Download
slide1 n.
Skip this Video
Loading SlideShow in 5 Seconds..
TALK PowerPoint Presentation

TALK

129 Vues Download Presentation
Télécharger la présentation

TALK

- - - - - - - - - - - - - - - - - - - - - - - - - - - E N D - - - - - - - - - - - - - - - - - - - - - - - - - - -
Presentation Transcript

  1. Stefan Brandt • Universität Siegen • Email: brandt@anglistik.uni-siegen.de • TALK • ›The finest type of existing marriage‹ • Family and Statehood • in Theodore Roosevelt’s Writings Annual Conference of the DGfA, Heidelberg May 15-18, 2008 The American Presidency and Political Leadership Workshop 6, »Family Values: The Politics of Private Representation«

  2. I. Teddy Roosevelt – The ›Family President‹ II. T.R. and the Role of Women III. T.R.’s Concept of Family and Statehood

  3. I. Teddy Roosevelt – The ›Family President‹ »I don't think that any family has ever enjoyed the White House more than we have. I was thinking about it just this morning when Mother and I took breakfast on the portico and afterwards walked about the lovely grounds and looked at the stately historic old house. It is a wonderful privilege to have been here and to have been given the chance to do this work […].« Letter to Kermit, June 21, 1904, T.R., Letters to His Children (1919)

  4. I. Teddy Roosevelt – The ›Family President‹ »One night I came up-stairs and found Quentin playing the pianola as hard as he could, while Archie would suddenly start from the end of the hall where the pianola was, and, accompanied by both the dogs, race as hard as he could the whole length of the White House clean to the other end of the hall and then tear back again. Another evening as I came up-stairs I found Archie and Quentin having a great play, chuckling with laughter, Archie driving Quentin by his suspenders, which were fixed to the end of a pair of woollen reins. Then they would ambush me and we would have a vigorous pillow-fight […].« Letter to Kermit, March 19, 1906, T.R., Letters to His Children (1919)

  5. Alice Ted, Jr. Kermit Ethel Archie T.R. Edith Roosevelt Quentin

  6. II. T.R. and the Role of Women II. T.R. and the Role of Women »There are certain old truths, which will be true as long as this world endures, and which no amount of progress can alter. One of these is the truth that the primary duty of the husband is to be the home-maker, the bread-winner for his wife and children, and that the primary duty of the woman is to be the helpmeet, the housewife and mother.« T.R., »The American Woman as Mother.« In: The Ladies’ Home Journal, July 1905. »race suicide«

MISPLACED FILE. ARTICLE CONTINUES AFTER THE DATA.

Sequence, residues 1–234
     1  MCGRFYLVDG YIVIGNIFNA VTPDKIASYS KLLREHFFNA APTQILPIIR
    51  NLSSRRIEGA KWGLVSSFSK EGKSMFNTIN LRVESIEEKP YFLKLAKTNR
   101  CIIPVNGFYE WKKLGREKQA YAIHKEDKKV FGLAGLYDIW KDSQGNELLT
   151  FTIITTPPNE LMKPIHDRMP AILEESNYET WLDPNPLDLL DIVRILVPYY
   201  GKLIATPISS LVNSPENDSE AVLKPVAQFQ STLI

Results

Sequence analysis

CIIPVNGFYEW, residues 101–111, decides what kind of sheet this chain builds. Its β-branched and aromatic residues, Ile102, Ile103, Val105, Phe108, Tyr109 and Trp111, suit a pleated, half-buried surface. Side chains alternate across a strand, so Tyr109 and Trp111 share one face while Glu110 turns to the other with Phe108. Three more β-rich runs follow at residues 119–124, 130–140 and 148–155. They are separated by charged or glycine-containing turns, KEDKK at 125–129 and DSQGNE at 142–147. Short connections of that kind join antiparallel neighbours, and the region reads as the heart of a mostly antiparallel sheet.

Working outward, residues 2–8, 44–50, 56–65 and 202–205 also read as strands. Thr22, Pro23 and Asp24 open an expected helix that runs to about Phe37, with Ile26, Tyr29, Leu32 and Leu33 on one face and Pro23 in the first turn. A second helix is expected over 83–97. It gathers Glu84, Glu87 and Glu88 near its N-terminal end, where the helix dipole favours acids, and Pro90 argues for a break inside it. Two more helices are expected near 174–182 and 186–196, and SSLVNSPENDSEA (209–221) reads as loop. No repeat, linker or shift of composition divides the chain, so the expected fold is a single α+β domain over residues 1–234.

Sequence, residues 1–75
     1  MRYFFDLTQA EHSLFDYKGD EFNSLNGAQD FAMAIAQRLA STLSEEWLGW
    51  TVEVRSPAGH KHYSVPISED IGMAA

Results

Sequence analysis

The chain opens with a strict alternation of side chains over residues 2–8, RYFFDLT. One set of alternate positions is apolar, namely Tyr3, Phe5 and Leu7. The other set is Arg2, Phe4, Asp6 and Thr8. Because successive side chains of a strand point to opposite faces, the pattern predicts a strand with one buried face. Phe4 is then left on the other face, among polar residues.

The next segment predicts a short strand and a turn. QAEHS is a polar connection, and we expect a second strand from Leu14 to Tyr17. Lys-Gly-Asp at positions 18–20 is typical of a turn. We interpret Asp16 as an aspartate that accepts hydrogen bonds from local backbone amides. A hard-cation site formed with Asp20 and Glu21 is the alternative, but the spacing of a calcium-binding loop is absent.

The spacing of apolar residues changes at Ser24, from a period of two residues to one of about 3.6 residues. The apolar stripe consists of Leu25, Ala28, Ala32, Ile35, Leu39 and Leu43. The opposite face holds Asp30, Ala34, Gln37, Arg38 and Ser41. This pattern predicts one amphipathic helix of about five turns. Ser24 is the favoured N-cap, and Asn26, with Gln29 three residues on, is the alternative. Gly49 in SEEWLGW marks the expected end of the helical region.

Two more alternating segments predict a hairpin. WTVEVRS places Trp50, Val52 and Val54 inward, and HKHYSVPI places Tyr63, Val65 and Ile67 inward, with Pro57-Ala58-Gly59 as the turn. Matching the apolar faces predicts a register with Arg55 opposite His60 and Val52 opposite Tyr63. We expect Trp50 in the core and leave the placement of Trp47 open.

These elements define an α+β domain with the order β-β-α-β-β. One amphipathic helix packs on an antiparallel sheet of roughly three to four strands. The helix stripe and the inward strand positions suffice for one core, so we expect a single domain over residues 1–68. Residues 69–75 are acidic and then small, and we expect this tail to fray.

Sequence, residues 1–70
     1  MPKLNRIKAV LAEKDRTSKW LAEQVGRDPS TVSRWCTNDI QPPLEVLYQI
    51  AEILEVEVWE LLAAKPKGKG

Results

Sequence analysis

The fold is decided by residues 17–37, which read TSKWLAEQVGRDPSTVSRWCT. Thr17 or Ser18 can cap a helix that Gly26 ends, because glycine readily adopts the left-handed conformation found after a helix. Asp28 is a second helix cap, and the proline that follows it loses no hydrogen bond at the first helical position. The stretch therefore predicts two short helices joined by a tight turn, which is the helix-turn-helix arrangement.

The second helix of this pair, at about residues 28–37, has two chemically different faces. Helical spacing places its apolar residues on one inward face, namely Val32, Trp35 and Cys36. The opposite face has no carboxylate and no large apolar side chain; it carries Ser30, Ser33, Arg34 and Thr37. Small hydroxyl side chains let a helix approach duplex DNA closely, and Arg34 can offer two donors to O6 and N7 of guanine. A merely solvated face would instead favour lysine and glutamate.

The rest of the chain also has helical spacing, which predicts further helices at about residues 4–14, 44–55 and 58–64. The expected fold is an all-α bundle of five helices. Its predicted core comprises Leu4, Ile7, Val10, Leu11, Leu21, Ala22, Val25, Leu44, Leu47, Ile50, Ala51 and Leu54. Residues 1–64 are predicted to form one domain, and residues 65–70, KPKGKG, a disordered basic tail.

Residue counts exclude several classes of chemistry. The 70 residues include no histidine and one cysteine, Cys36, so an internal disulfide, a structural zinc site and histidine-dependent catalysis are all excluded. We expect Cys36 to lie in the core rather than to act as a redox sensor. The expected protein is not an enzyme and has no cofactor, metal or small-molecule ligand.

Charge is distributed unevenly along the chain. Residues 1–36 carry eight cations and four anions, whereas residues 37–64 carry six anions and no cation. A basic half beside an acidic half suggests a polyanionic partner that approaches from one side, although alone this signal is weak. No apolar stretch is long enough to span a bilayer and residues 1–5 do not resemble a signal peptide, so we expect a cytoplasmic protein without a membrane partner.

7. II. T.R. and the Role of Women II. T.R. and the Role of Women »The Woman who is a Good Wife, a good mother, is entitled to our respect as no one else; but she is entitled to it only because, and so long as she is worthy of it. Effort and self-sacrifice are the law of worthy life for the man as for the woman; though neither the effort nor the self-sacrifice may be the same for the one as for the other.« T.R., »The American Woman as Mother.« In: The Ladies’ Home Journal, July 1905. Are Women Retaliating on Men? Grover Cleveland, »Woman’s Mission and Woman’s Clubs.« In: The Ladies’ Home Journal, May 1905.

  8. II. T.R. and the Role of Women II. T.R. and the Role of Women »…woman suffrage wherever the women wish it.« T.R., American Problems (1910) »The vital need for women, as for men, is to war against vice, and frivolity, and cold selfishness, and timid shrinking from necessary risk and effort.« T.R., American Problems (1910) Julia Ward Howe (1819-1910)

  9. II. T.R. and the Role of Women II. T.R. and the Role of Women »The highest ideal of the family [can be obtained] only where the father and the mother stand to each other as lovers and friends.« T.R., »National Life and Character« (1894) »The important thing to work for in marriage is to raise the average marriage relations to those that already obtain in the finest type of existing marriage.« T.R., American Problems (1910)

  10. II. T.R. and the Role of Women III. T.R.‘s Concept of Family and Statehood »In the last analysis, the welfare of the State depends absolutely upon whether or not the average family, the average man and woman and their children represent the kind of citizenship fit for the foundation of a great nation; and if we fail to appreciate this we will fail to appreciate the root morality upon which all healthy civilization is based.« T.R., »The American Woman as Mother.« In: The Ladies’ Home Journal, July 1905. »homely duties« <=> »stately duties«

  11. II. T.R. and the Role of Women Conclusion »The family is the bedrock of our nation, but it is also the engine that gives our country life. […] It’s for our families that we work and labor, so we can join around the dinner table, bring our children up the right way, care for our parents, and reach out to those less fortunate. It is the power of the family that holds the Nation together, that gives America her conscience, and that serves as the cradle of our country’s soul.« Ronald Reagan, public speech held in Chicago, Sept. 30. 1988.